Computational Methods for Integrating Vision and Language

Computational Methods for Integrating Vision and Language

Kobus Barnard
ISBN: 9781608451128 | PDF ISBN: 9781608451135
Copyright © 2016 | 227 Pages | Publication Date: April, 2016

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"This is clearly the most comprehensive and thoughtful compendium of knowledge on language/vision integration out there, and I'm sure it will be a valuable resource to many researchers and instructors." - Sven Dickinson, Series Editor (University of Toronto)

Modeling data from visual and linguistic modalities together creates opportunities for better understanding of both, and supports many useful applications. Examples of dual visual-linguistic data includes images with keywords, video with narrative, and figures in documents. We consider two key task-driven themes: translating from one modality to another (e.g., inferring annotations for images) and understanding the data using all modalities, where one modality can help disambiguate information in another. The multiple modalities can either be essentially semantically redundant (e.g., keywords provided by a person looking at the image), or largely complementary (e.g., meta data such as the camera used). Redundancy and complementarity are two endpoints of a scale, and we observe that good performance on translation requires some redundancy, and that joint inference is most useful where some information is complementary.

Computational methods discussed are broadly organized into ones for simple keywords, ones going beyond keywords toward natural language, and ones considering sequential aspects of natural language. Methods for keywords are further organized based on localization of semantics, going from words about the scene taken as whole, to words that apply to specific parts of the scene, to relationships between parts. Methods going beyond keywords are organized by the linguistic roles that are learned, exploited, or generated. These include proper nouns, adjectives, spatial and comparative prepositions, and verbs. More recent developments in dealing with sequential structure include automated captioning of scenes and video, alignment of video and text, and automated answering of questions about scenes depicted in images.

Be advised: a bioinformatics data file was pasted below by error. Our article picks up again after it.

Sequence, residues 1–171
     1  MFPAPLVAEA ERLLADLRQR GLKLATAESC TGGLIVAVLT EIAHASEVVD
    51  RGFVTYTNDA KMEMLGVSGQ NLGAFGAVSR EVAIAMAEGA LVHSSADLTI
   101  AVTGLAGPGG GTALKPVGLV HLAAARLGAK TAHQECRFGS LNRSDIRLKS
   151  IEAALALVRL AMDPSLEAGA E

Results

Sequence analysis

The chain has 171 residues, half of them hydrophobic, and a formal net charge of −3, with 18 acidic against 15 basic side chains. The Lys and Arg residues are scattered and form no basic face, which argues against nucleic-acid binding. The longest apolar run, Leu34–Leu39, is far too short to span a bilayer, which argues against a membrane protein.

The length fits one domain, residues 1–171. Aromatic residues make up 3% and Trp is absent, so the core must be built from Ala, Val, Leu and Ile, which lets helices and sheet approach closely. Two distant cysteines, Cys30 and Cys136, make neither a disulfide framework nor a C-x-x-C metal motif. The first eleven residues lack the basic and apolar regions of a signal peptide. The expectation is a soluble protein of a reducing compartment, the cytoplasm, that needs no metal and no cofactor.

Table of Contents

Acknowledgments
Figure Credits
Introduction
The Semantics of Images and Associated Text
Sources of Data for Linking Visual and Linguistic Information
Extracting and Representing Visual Information
Text and Speech Processing
Modeling Images and Keywords
Beyond Simple Nouns
Sequential Structure
Bibliography
Author's Biography

About the Author(s)

Kobus Barnard, University of Arizona
Kobus Barnard is a professor of computer science at the University of Arizona. He also has appointments in the School of Information: Science, Technology, and Arts (SISTA), Statistics, Cognitive Science, Electrical and Computer Engineering (ECE), and the BIO5 Institute. He leads the Interdisciplinary Visual Intelligence Laboratory (IVILAB.org). Professor Barnard received his Ph.D. in computer science in 2000 from Simon Fraser University (SFU) in the area of computational color constancy, where his dissertation received the Governor General gold medal awarded across all disciplines. He then spent two years at the University of California at Berkeley as a postdoctoral researcher working on modeling the joint statistics of images and associated text, followed by moving to the University of Arizona. His current research addresses problems in interdisciplinary computational intelligence by developing top-down statistical models that are predictive, semantic, and explanatory. Application domains include computer vision, multimedia data, biological structure and processes, astronomy, and human social interaction. His work has been funded by multiple grants from NSF including a CAREER award, DARPA, ONR, ARBC (Arizona Biomedical Commission), and the University of Arizona BIO5 Institute.

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